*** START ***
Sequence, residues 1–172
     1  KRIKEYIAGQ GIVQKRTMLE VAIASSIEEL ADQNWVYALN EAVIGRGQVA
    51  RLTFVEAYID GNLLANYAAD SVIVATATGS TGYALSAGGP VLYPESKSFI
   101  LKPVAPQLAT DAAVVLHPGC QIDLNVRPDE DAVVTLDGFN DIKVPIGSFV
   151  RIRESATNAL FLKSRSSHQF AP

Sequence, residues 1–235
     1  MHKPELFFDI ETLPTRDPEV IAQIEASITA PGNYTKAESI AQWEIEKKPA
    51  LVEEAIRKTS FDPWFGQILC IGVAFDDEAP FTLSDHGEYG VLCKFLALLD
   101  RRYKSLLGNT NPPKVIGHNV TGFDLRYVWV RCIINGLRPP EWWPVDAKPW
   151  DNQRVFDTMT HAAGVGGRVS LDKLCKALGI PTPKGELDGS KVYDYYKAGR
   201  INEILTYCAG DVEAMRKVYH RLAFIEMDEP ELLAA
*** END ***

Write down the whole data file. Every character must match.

Sequence, residues 1–172
     1  KRIKEYIAGQ GIVQKRTMLE VAIASSIEEL ADQNWVYALN EAVIGRGQVA
    51  RLTFVEAYID GNLLANYAAD SVIVATATGS TGYALSAGGP VLYPESKSFI
   101  LKPVAPQLAT DAAVVLHPGC QIDLNVRPDE DAVVTLDGFN DIKVPIGSFV
   151  RIRESATNAL FLKSRSSHQF AP

Sequence, residues 1–235
     1  MHKPELFFDI ETLPTRDPEV IAQIEASITA PGNYTKAESI AQWEIEKKPA
    51  LVEEAIRKTS FDPWFGQILC IGVAFDDEAP FTLSDHGEYG VLCKFLALLD
   101  RRYKSLLGNT NPPKVIGHNV TGFDLRYVWV RCIINGLRPP EWWPVDAKPW
   151  DNQRVFDTMT HAAGVGGRVS LDKLCKALGI PTPKGELDGS KVYDYYKAGR
   201  INEILTYCAG DVEAMRKVYH RLAFIEMDEP ELLAA